Bhati, G.N. & Mruthyunjaya (1983). Economics of sheep farming on different pastures in arid land of western Rajasthan. Indian Journal of Animal Sciences 53 (7): 732–737.

Cushing, E.P. & P. Casto (2012). Preliminary survey of the setal and sensory structures on the pedipalps of camel spiders (Arachnida: Solifugae). Journal of Arachnology 40(1): 123–127;

Gajbe, P. (2005). First record of a wind-scorpion Arachnida Solifugae from Seoni District, Madhya Pradesh. Journal of the Bombay Natural History Society 102(2): 249–250.

Harvey, M.S. (2002). The neglected cousins: What do we know about the smaller Arachnid orders? Journal of Arachnology 30: 357–372;[0357:TNCWDW]2.0.CO;2

Harvey, M.S. (2003). Catalogue of the Smaller Arachnid Orders of the World: Amblypygi, Uropygi, Schizomida, Palpigradi, Ricinulei and Solifugae. CSIRO Publishing, Collingwood, Australia, 363pp.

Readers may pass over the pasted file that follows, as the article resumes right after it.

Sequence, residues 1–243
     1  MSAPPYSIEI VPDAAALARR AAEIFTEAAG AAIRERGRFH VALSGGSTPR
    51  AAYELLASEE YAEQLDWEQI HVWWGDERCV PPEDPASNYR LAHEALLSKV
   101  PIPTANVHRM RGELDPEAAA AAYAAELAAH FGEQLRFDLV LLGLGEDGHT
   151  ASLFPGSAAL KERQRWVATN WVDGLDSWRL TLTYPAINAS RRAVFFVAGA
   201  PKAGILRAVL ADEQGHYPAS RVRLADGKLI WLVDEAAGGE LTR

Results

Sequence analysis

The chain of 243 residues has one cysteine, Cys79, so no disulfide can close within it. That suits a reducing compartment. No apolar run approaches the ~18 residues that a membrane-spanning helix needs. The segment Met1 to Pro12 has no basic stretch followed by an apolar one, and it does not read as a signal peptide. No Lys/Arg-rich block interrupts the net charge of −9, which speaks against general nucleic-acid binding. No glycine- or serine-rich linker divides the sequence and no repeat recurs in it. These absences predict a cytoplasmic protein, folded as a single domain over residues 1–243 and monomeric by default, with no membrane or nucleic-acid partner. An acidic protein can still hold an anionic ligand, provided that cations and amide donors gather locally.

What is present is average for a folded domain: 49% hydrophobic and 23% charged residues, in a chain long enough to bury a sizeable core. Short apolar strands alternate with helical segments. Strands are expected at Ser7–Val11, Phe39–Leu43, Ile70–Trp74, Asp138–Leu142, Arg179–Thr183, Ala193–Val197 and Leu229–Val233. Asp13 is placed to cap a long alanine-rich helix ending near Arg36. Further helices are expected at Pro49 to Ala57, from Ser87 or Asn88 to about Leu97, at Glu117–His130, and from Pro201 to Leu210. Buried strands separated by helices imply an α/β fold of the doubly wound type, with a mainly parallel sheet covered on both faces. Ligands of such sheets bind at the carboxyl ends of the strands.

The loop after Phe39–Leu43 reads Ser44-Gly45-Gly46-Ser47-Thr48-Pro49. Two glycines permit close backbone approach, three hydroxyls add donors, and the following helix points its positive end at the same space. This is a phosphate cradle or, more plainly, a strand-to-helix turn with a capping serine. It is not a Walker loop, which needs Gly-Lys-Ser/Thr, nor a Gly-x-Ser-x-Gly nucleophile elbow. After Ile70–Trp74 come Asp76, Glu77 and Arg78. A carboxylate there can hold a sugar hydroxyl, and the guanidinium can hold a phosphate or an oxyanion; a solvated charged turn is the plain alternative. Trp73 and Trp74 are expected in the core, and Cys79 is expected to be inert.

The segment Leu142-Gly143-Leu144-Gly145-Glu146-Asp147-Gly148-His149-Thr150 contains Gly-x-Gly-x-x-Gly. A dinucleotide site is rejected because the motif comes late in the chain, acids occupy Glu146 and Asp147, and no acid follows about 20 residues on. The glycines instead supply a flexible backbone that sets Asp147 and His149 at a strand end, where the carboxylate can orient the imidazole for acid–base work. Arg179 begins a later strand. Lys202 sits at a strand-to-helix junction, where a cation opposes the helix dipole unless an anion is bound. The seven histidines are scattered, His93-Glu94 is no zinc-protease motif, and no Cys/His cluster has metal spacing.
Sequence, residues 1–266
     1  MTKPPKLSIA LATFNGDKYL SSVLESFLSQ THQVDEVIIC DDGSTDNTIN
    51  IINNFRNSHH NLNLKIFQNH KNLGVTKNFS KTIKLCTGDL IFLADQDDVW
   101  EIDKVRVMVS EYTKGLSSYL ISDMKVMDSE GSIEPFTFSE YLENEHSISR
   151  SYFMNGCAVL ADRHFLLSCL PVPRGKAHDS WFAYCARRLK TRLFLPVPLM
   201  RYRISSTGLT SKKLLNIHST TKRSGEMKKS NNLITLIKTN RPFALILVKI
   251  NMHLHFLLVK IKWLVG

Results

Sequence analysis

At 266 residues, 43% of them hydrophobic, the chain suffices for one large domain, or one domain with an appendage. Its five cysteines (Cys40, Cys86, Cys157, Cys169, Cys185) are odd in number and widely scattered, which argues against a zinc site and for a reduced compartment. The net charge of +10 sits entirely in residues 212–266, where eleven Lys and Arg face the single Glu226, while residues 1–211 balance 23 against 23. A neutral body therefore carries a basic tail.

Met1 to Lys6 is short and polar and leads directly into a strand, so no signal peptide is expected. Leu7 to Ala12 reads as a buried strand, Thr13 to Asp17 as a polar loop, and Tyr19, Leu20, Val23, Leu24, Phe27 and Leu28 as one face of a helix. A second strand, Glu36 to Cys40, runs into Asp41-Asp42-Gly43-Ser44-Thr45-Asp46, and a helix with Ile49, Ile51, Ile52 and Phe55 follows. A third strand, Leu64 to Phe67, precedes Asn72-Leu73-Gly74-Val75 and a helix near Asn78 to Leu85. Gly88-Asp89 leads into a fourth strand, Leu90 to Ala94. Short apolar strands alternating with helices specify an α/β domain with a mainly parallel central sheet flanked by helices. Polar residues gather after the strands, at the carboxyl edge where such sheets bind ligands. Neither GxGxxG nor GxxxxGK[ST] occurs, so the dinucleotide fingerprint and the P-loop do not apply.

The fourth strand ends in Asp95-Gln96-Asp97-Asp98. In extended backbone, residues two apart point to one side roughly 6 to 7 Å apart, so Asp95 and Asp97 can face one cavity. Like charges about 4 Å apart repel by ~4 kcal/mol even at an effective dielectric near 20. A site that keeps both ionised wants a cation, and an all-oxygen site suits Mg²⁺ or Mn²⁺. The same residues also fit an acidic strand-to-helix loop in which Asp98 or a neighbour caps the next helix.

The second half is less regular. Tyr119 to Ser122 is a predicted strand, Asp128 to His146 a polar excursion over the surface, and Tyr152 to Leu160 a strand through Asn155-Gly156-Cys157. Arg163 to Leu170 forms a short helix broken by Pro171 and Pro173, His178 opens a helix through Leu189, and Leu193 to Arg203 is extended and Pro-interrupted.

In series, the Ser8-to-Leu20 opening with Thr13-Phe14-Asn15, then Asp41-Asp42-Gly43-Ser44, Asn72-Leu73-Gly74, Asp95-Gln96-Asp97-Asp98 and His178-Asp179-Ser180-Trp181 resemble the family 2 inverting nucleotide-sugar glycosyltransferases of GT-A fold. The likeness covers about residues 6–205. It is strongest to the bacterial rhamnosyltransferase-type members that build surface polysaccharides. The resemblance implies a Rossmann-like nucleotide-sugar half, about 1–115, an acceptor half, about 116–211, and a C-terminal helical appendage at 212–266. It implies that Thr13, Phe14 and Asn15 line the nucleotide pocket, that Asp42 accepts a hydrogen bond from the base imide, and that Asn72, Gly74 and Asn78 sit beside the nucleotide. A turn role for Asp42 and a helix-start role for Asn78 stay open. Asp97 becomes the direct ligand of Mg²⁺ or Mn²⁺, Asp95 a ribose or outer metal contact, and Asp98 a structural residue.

Mertia, R.S., R. Prasad, B.K. Kandpal & P. Narain (2006). Regeneration of Lasiuruss indicus in relation to grazing pressure and root-zone soil moisture in arid rangelands of western Rajasthan (India). Tropical Grasslands 40: 40–44.

Muma, M.H. (1966). Burrowing habits of North American Solpugida (Arachnida). Psyche 73: 251–260.

Pocock, R.I. (1900). The Fauna of British India, Including Ceylon and Burma Arachnida. Taylor and Francis, London, 279pp.

Wharton, R.A. (1987). Biology of the diurnal Metasolpugapicta (Kraepelin) (Solifugae, Solpugidae) compared with that of nocturnal species. Journal of Arachnology 14: 363–383.

Whittick, R.J. (1939). Notes on Solifugae (Arachnida)-I. Galeodidae. Annals and Magazine of Natural History 11(4): 444–450.